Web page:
Previous studies have demonstrated that several types of cancerous cells harbor high levels of PHGDH compared to normal cells. In particular, a recent study by Zhang et al.7 has shown that PHGDH is amplified in some lung carcinoma cells and that this overexpression of PHGDH is linked with rapid proliferation. Furthermore, this study also demonstrated that depletion of PHGDH has a more pronounced effect on growth inhibition in cancer cells with amplified PHGDH expression7. Similar observations have been confirmed in other models of cancer. Possemato et al.5 have previously shown that PHGDH is amplified in ER-breast cancer, and that these cells are more sensitive to growth suppression by PHGDH inhibition than cancer cells without PHGDH overexpression5. Our findings demonstrating that PHGDH expression is higher in CSLCs (CD133High BTICs, HMLERshECad BCSLCs, and NT2/D1 ECSLCs) compared to various other non-stem-like cancer cells further corroborate these previous reports linking PHGDH with cancer aggressiveness, further supporting the clinical implications for PHGDH in cancer therapy.

PHGDH has recently emerged as an important regulator of stemness in cancer, as demonstrated by a recent publication by Samanta et al.28 which showed that PHGDH is required for maintaining BCSCs induced by hypoxia. In this report, we demonstrate a novel link between PHGDH and self-renewal, stemness-maintaining transcription factors (Oct4, Nanog, Sox-2, KLF4, and Lin28b), differentiation, and autophagy in CSLCs. In addition to regulating the transcription of several differentiation markers, we also show that PHDGH differentially modulates the stability of the major factors that play pivotal role in differentiation and stemness through post-translational modifications. While PHGDH KD increases the specific ubiquitination and subsequent proteasomal degradation of stemness-maintaining factor Oct4, in contrast, it promotes the post-translational stabilization of β3-tubulin by decreasing its specific ubiquitination. Collectively, these data report contrasting effects of PHGDH on the characteristic molecular targets of differentiation and stemness features in CSLCs.

CSLCs are a small population of poorly differentiated cells that reside within heterogeneous tumor masses13. In line with their capacity of self-renewal and multilineage differentiation, these CSLCs have been shown to fuel the tumor formation16,45,46, and often resort to aberrant metabolic pathways to sustain their continuous demand for energy and macromolecules47. Hence, it is reasonable to speculate that the introduction of defects causing metabolic inefficacies in CSLCs would be harmful for their maintenance and growth. In support of this hypothesis, the recent reports have shown that the stemness-regulating transcription factors, such as Oct4 and Nanog, are linked with metabolic reprogramming to support the growth of normal and cancer stem cells48,49,50. Interestingly, strategies promoting differentiation in CSLCs are being acknowledged for their therapeutic potential, as the differentiated cells can be more susceptible to various anti-cancer treatment options as compared to the CSLCs15,19,20. Thus, further understanding of the relationship between stemness, differentiation and metabolism is important for the development of novel therapeutic strategies targeting CSLCs. Here, we show that serine biosynthesis enzyme PHGDH differentially regulates the factors involved in the regulation of stemness and differentiation of CSLCs.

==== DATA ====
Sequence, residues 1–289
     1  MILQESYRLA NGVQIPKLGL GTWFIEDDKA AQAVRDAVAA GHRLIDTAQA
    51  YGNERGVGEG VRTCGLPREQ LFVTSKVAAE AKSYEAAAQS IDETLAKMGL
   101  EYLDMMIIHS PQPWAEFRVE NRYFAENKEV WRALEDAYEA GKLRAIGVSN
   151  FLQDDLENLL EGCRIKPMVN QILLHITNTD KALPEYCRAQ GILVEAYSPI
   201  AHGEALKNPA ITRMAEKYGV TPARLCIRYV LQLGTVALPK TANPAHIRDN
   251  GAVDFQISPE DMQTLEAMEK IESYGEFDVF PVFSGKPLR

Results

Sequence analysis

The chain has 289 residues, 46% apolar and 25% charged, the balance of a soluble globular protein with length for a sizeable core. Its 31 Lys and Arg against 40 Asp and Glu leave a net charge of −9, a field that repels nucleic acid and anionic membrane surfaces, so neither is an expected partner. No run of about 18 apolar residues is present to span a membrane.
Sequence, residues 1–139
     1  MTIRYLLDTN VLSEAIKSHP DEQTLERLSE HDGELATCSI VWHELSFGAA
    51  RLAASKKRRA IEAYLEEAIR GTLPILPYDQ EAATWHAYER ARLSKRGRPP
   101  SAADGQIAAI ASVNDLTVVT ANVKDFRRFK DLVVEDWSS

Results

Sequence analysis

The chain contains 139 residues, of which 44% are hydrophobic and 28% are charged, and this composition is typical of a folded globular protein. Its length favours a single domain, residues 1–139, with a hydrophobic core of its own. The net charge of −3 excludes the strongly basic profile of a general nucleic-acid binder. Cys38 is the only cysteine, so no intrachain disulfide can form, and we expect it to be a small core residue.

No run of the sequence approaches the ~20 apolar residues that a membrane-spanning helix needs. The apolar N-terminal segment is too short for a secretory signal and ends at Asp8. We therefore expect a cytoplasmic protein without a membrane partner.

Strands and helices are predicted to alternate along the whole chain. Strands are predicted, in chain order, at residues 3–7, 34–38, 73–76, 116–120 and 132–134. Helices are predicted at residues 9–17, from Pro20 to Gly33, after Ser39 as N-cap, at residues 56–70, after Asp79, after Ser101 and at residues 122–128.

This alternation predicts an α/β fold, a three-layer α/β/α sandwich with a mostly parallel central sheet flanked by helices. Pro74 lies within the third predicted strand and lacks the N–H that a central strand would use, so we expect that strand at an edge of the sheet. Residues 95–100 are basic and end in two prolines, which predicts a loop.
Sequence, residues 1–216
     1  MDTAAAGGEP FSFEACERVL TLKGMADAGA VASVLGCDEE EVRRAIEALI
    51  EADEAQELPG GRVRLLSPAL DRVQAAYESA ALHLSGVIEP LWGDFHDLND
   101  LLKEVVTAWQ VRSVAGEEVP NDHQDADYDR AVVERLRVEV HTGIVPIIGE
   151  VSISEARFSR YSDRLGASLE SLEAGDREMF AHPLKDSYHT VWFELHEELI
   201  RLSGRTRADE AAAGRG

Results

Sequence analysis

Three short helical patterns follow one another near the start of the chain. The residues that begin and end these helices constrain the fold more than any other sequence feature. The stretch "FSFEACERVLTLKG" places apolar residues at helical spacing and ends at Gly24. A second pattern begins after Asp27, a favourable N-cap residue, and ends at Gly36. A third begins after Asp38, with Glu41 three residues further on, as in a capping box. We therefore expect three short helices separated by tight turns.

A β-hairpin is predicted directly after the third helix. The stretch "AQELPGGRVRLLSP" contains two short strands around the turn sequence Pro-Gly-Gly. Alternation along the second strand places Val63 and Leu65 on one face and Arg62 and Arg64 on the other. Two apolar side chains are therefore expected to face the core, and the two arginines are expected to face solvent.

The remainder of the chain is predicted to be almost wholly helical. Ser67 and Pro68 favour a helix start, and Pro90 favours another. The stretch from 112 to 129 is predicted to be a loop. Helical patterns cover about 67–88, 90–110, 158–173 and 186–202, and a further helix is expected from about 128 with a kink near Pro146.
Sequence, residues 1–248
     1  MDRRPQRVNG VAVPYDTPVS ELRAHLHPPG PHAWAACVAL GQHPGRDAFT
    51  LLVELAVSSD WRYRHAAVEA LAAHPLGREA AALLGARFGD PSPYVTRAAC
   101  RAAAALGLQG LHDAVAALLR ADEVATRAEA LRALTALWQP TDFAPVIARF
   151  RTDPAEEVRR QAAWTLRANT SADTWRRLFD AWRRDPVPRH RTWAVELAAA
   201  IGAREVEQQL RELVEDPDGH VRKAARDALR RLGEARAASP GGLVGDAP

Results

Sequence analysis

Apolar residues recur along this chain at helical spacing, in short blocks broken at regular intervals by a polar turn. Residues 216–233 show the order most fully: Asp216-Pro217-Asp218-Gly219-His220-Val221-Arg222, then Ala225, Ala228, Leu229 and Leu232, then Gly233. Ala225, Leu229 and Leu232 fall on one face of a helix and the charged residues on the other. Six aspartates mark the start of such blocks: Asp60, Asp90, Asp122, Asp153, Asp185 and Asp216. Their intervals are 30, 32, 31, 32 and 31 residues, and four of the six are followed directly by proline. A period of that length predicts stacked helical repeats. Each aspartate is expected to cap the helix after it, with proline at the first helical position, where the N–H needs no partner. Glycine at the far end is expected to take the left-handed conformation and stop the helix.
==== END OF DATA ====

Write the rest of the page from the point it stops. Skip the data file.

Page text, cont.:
Screening of large datasets-based gene expression profiles of patient-derived tumor samples is a useful tool to identify the molecular pathways linked with CSLC biology. In order to explore the link of PHGDH with stemness, we analyzed gene expression datasets from human tumors and discovered a clear correlation between PHGDH and stemness factors Oct4, CD133, MYC, and SOX9. Most importantly, the clinical relevance regarding the correlation between PHGDH and Oct4 is demonstrated by the finding that patients with tumors co-expressing high levels of PHGDH and Oct4 have significantly lower survival prognosis than those with the low co-expression. These findings strongly support our hypothesis that PHGDH supports the stemness features in CSLCs. It should be noted that, when we performed a screening for PHGDH and Oct4 co-expression in a variety of cancerous cells of various origins and BTICs, we found that NT2/D1 ECSLCs expressed the highest levels of PHGDH and were the only cell line to co-express PHGDH and Oct4. Considering the clinically relevant link between PHGDH/Oct4 co-expression and patient survival, NT2/D1 teratocarcinoma cells with stem-like features will stimulate further research into the therapeutic utility of PHGDH–Oct4 axis.